A quick Google search on "Business Models for Open Source" brings up numerous articles and studies on the topic that proclaim there are anywhere from five major business models to over eighty examples.
While we would like to come up with as short a list as possible, the truth seems to lie somewhere in between. We have ended up with a list of approximately 20 business models for open source , depending on the mission, goals, licensing, context, and numerous other factors or variables, e.g. geography, competition, market.
Matthew Aslett, from the consulting firm “The 451 Group.” Aslett authored a report entitled “Open Source is not a Business Model.” One of the key conclusions of the report is that 'open source' is a business strategy or tactic, not a business model.
Quite often the number of business models related to the development and deployment of open source software solutions depends on the profit motive driving particular individuals and organizations. For example, consider the following. There are:
- non-profit organizations or communities that are not interested in making huge profits from their free and open source software (FOSS) solutions, but are more interested in simply creating and distributing high quality, free software and solutions that will be of benefit to as many people as possible.
- then there are those individual or organizations that want to profit from the development, distribution, and retail sales associated with various open source products and commercial add-on modules they have created and released using somewhat restrictive licenses; and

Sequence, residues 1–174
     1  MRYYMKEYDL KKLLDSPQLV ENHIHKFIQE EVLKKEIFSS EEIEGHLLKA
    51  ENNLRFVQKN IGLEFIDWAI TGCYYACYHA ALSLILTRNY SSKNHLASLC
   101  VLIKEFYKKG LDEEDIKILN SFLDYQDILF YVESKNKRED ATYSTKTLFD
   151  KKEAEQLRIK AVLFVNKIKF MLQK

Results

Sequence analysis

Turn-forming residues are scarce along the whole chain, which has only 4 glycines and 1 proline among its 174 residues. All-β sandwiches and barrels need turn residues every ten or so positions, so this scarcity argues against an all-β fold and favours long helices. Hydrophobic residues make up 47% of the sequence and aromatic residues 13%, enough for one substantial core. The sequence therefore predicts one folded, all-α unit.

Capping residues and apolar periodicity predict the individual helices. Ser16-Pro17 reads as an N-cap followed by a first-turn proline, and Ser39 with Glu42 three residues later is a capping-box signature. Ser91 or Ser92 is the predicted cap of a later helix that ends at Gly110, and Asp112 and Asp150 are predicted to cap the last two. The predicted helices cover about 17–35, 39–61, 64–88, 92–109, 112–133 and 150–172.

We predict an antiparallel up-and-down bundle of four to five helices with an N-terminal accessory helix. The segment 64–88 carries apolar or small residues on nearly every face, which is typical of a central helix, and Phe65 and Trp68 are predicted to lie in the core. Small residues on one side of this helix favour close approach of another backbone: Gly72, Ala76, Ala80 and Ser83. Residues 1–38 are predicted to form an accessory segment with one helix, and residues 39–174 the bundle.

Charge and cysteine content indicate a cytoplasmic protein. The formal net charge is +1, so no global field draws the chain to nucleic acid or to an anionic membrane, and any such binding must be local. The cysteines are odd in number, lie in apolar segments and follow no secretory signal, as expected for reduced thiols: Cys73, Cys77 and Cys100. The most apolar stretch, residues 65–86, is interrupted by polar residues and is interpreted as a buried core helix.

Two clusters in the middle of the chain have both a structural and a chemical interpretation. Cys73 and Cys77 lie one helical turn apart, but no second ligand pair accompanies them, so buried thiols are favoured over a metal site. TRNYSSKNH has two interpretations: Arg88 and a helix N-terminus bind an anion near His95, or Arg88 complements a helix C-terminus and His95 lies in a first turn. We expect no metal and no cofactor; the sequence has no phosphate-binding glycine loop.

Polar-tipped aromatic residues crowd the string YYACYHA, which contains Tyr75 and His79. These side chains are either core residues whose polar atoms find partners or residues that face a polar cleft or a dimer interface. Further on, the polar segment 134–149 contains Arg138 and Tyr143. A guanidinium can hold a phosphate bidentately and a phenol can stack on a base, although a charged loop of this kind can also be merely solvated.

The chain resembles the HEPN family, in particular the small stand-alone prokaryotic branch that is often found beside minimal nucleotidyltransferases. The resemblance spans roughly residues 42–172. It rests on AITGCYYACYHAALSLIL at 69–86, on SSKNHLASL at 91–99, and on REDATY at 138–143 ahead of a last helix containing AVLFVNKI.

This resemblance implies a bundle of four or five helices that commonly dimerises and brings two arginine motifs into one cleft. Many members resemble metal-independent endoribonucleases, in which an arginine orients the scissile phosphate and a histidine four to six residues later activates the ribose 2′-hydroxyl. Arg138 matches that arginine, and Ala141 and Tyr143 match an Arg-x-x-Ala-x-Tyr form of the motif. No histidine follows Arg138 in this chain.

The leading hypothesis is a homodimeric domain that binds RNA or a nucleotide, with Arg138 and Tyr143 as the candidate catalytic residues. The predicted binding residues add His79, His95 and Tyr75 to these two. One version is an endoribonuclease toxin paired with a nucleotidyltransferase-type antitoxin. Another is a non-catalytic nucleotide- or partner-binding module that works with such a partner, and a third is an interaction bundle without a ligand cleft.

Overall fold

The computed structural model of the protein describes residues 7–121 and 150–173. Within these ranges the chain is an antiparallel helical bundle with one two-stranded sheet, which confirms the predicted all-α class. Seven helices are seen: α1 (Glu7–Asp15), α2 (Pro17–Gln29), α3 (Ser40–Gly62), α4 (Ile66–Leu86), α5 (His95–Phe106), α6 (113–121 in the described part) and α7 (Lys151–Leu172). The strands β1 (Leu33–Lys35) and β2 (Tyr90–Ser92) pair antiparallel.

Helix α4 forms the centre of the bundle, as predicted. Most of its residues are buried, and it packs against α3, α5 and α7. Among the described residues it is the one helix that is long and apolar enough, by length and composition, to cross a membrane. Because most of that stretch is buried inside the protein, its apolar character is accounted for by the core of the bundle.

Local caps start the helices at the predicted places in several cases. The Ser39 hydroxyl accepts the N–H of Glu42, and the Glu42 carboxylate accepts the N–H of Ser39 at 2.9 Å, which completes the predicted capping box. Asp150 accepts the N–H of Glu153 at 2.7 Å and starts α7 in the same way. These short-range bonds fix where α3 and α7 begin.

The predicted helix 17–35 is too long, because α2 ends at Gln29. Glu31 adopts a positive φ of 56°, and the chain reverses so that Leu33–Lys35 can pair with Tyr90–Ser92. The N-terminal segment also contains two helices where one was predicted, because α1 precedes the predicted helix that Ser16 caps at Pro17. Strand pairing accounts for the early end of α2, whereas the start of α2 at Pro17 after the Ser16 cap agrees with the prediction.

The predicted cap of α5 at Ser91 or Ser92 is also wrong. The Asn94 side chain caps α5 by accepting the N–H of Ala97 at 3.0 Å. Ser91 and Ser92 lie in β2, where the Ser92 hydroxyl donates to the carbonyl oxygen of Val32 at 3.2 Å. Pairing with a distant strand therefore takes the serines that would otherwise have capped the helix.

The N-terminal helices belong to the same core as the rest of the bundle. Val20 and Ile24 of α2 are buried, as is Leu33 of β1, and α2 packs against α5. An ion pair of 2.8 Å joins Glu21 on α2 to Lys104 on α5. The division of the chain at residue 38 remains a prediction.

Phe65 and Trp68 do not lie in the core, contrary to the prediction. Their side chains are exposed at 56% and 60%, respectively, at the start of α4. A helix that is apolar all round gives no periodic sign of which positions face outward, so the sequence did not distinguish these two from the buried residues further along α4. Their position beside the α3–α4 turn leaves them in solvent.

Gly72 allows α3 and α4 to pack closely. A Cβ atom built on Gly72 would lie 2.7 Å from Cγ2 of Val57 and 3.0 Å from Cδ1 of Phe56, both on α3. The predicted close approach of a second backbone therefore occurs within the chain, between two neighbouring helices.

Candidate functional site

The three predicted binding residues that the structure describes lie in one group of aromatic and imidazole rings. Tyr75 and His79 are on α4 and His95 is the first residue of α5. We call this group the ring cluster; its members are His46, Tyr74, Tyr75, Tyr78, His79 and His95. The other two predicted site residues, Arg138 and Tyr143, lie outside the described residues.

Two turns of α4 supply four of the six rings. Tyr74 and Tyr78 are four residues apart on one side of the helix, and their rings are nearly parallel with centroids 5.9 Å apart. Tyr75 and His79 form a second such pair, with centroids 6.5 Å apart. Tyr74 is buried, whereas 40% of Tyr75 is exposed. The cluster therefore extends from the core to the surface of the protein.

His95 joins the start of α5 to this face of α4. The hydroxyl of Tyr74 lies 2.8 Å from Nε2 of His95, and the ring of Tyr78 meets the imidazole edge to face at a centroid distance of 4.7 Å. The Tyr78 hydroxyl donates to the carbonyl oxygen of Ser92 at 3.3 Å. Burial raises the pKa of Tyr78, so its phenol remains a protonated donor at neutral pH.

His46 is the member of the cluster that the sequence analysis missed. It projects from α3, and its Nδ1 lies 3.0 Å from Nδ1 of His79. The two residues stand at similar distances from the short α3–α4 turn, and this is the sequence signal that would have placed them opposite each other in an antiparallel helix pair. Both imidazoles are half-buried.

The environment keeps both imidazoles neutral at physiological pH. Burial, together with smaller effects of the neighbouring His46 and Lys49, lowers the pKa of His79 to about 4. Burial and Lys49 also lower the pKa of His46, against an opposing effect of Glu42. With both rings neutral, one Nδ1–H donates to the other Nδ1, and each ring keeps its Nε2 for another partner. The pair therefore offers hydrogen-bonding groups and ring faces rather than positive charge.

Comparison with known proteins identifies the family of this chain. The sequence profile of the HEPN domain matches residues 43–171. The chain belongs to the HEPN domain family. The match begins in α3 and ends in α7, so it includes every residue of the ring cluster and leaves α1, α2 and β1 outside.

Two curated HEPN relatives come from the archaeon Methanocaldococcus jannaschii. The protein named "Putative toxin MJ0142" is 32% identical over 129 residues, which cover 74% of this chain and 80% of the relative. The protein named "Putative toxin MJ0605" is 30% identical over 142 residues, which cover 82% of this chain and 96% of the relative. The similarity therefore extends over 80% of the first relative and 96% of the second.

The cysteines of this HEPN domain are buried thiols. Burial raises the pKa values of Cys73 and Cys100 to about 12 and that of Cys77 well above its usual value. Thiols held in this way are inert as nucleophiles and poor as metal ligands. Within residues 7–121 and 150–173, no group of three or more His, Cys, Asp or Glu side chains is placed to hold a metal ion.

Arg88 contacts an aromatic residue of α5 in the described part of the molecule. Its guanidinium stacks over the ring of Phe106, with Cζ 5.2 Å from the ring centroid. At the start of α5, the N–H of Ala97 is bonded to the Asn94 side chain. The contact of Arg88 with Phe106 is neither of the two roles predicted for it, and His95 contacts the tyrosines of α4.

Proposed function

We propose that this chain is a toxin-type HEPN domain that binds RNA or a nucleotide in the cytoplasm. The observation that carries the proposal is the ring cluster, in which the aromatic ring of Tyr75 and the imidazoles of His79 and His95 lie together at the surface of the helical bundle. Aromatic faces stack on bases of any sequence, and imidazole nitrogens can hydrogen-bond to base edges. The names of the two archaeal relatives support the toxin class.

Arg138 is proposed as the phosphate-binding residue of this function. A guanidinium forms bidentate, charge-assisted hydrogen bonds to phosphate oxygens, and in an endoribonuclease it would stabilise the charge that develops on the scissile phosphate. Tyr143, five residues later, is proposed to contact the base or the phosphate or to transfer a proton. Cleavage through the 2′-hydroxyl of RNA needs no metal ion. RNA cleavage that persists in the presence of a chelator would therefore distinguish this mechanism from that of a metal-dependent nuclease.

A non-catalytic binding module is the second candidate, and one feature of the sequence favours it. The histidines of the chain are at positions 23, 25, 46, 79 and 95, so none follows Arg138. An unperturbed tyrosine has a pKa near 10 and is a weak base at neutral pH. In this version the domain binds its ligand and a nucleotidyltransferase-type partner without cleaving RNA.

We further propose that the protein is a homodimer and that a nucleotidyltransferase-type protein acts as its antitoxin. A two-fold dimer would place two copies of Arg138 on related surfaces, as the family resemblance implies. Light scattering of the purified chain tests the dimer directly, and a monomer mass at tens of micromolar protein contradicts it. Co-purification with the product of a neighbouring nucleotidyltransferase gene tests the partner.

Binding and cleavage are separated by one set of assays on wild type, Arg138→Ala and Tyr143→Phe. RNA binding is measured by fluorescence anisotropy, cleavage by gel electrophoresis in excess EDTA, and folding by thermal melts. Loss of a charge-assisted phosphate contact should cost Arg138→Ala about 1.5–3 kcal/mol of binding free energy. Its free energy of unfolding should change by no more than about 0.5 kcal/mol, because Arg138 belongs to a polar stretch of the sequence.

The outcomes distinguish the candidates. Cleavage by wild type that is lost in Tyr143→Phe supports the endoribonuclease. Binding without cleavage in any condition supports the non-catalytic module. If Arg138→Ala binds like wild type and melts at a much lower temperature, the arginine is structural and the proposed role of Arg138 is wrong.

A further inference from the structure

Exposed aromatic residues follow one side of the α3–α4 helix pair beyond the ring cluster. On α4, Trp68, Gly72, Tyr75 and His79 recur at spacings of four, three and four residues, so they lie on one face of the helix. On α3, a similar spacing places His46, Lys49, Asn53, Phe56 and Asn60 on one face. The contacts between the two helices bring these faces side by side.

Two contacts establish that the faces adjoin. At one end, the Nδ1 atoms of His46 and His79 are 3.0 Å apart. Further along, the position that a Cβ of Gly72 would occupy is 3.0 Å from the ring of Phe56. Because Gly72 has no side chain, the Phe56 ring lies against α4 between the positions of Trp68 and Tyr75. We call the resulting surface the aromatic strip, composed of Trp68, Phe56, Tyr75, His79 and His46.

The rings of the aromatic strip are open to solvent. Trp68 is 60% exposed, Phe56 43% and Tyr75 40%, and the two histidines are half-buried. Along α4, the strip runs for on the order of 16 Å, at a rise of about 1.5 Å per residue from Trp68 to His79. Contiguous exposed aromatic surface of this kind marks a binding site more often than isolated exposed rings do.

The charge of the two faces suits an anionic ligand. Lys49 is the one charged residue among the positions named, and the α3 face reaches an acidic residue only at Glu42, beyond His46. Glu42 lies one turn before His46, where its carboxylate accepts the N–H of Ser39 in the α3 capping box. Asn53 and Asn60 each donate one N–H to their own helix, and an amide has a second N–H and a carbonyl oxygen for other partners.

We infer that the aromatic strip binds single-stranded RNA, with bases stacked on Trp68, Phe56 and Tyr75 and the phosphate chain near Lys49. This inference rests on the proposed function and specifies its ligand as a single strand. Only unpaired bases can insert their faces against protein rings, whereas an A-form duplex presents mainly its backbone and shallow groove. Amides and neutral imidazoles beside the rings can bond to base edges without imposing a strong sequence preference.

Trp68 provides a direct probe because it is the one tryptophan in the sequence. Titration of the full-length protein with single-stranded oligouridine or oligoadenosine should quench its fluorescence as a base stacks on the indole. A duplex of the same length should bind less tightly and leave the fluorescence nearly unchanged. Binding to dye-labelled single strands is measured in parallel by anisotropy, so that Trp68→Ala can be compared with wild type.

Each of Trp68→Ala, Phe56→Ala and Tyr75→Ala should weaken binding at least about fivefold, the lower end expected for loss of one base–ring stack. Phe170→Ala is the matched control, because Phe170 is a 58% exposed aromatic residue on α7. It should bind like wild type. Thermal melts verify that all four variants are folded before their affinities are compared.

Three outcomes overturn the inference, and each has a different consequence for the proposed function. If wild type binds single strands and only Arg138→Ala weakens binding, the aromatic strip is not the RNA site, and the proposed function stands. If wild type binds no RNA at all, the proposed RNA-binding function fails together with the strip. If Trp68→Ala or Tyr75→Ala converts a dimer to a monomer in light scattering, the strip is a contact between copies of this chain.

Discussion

- there are also numerous individuals or organizations that want to make a living and generate profits by offering a wide range of services in support of the open source solutions, e.g. installation, training, maintenance.
Over the past decade, numerous entrpreneurial individuals and organizations have tackled the idea of how to make money out of open source software. The idea that the only way of generating revenue from open source software is by providing support services - has become outdated.
There are now a wide variety of business strategies, tactics, or business models being employed by to generate revenue from open source software. For example:
- Many non-profit organizations obtain funding to support the development and distribution of their free and open source software (FOSS) solution from membership dues, subscription fees, donations, and/or grants.
- Many for profit organizations are paid for producing enhanced professional or enterprise versions of an open source product governed by very restrictive licenses. They may also offer add-on modules or bundle the open source software within other hardware and software products they offer.
- Other for profit organizations charge for a wide range of services, e.g. consulting, installation, documentation, training, system enhancements, software maintenance & patches.
Many other innovative companies are emerging and learning how to profit from the open source marketplace, e.g. news organizations, marketing firms, hosting, software-as-a-service (SAAS), open hardware, etc.
For more articles and information about Business Models & Open Source in the Healthcare sector see Open Health News.